Saturday 13 January 2018

The Hippo Hangs Out . . . . with Jess Molyneux

It's that time of the week again when I get to hang out with an author and today I'm chatting to Jess Molyneux.

Before we get started allow me to introduce you all to her and find out about her book and why she wrote it.

Photo courtesy of Jess Molyneux

Jess Molyneux is the alter-ego of Sue Bordley, a writer from the Wirral Peninsula. After a twenty-year teaching career, her first novel, 'X Y, Z' was published in 2017. With readers ranging from older teens to young adults, her novels are light-hearted and enjoyable, but firmly entrenched in the real world.

When asked why she wrote this book, this was her reply:

"During my time as a teacher, I realised that there was a type of book missing from the available fiction for young people: a story that depicted a sexual relationship based on mutual respect, that could give my intended readership (girls considering their first physical relationship) a realistic insight into what they could expect in a way no Citizenship lesson could do. Issues such as consent, contraception and safe sex are handled responsibly as the main character moves from being nervous about her first time to a young woman who is confident in her relationship."

I think this a great idea and it reminds me of books I read by Judy Blume when I was a young girl.


'Alex Ryan. The one thing that makes sitting through four hours of English Literature each week bearable. He's gorgeous, funny and talented, and I'm... well, I'm me.'

Being with Alex is all Zoe's dreamed about for the whole of Year 12... but when he gets the chance to realise his dreams, does she love him enough to risk losing him?

If you like those miserable stories where it's the end of the world and people are being forced to eat each other in a police state, then this book might not be for you. However, if you're looking for a feel-good romance where no-one's dead at the end, come on in.

This is a story of first love, including some mature content. Recommended age 15 and over. 

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Did you consider writing under a pseudonym?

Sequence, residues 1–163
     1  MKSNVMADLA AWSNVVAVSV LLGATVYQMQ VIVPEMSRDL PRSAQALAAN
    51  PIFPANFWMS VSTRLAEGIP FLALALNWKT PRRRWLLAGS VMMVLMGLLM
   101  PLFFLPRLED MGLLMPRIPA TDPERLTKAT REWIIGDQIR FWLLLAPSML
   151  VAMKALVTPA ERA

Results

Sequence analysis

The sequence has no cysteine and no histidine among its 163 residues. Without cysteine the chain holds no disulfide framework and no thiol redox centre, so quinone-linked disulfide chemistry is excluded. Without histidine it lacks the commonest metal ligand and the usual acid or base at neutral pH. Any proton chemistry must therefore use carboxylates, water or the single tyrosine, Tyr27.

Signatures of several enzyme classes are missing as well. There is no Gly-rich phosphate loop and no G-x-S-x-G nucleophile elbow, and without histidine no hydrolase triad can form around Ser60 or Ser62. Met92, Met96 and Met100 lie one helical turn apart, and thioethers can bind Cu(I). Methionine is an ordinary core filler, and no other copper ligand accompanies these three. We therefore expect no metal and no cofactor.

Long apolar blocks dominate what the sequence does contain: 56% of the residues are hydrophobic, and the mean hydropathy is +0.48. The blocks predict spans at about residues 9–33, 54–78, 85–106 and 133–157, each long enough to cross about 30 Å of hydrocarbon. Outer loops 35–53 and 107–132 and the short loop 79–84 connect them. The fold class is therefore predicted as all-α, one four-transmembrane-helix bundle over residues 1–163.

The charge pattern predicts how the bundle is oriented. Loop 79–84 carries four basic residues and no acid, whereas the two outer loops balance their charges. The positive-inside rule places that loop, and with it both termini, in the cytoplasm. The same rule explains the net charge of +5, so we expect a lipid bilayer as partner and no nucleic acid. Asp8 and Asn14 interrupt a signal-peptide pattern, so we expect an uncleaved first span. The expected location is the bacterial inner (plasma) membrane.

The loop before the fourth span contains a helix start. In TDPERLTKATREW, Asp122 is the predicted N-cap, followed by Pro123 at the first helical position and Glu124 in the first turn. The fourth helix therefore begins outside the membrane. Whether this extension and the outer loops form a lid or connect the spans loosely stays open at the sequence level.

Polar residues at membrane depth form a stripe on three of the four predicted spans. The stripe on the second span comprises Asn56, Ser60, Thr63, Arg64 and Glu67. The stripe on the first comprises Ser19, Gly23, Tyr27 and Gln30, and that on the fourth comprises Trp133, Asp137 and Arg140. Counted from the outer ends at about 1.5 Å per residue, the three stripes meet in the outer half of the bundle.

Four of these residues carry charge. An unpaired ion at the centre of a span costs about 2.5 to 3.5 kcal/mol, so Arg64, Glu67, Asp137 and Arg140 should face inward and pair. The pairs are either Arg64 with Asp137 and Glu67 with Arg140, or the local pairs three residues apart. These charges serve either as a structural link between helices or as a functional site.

Jess Molyneux is a pseudonym! My real name's Susan Bordley, but as my first name's been out of fashion for a couple of decades, I felt it 'outed' me as an older person (I was 44 when I wrote my debut novel, 'X Y, Z') and that a younger audience might be more attracted by a younger-sounding name. Molyneux comes from the name of the first road I lived on as a child.

What's your favourite under-appreciated book?
Can I be greedy and pick two, one YA and one for adults? 'Chasing the Dark' by Sam Hepburn is a brilliant YA adventure/thriller, and 'Sleb' by Andrew Holmes is a fantastic book that manages to create humour from some very dark subject matter. Both left me wishing I'd written them.

Humour and very dark subject matter 😏 – that sounds like just my kind of book! *Makes a note to check it out later*

Which do you think is more important, character or plot?
Character every time. I think it's really important to get the reader to care about your main character/s in the opening pages. If I'm reading a book and I don't care about the characters, it doesn't matter what events the author's devised.

Do you often hear from readers and what do they say?
As my novel, 'X Y, Z' is a YA/adult crossover, I hear from both teenagers and readers in their twenties. The teenagers ask me how I know what they're thinking, and the older readers say they wish a book like 'X Y, Z' had been around when they were a teenager!

What did you edit out of your last book?
Originally, my main character was something of an overconfident man-eater. I decided to change that and gave her some of the insecurities many girls have, making her more relatable to my intended audience.

Which character from your book would you be least likely to get along with?
That'd be Mr Burton, the headteacher of the school my two main characters attend. He doesn't bother to remember Alex's name on several occasions. I was a teacher for 20 years and always wanted to get to know the names of every students in my classes as soon as possible – it shows you care, which Burton doesn't seem to do.

You get an idea at an inappropriate moment, like driving or in the shower, what do you do?
I hold onto that thought! If I'm in the car, I turn the radio off and play the idea over to myself in my mind on a loop until I can get to a pen and paper. I often get ideas just as I'm about to fall asleep when I'm too tired to start writing, but I can't let it go. This is where the Memory Monkey comes in. He's a small toy monkey that I keep on the floor by my bed. If I get an idea, I reach out and put him on the bedside table to remind me there's something I have to do in the morning. He's never failed me yet!

What advice would you give your younger self?
Get started sooner! When I was 14, my English teacher told me that I should consider writing as a career. I've got there in the end, but I wish I hadn't waited so long.

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You can find out more about Jess, her book and connect with her using the links below:

I'd like to thank Jess for taking the time to stop by and chat with me today, it's been a pleasure. Now I need to find out where I can get myself a troop of memory monkeys to put by my bed!

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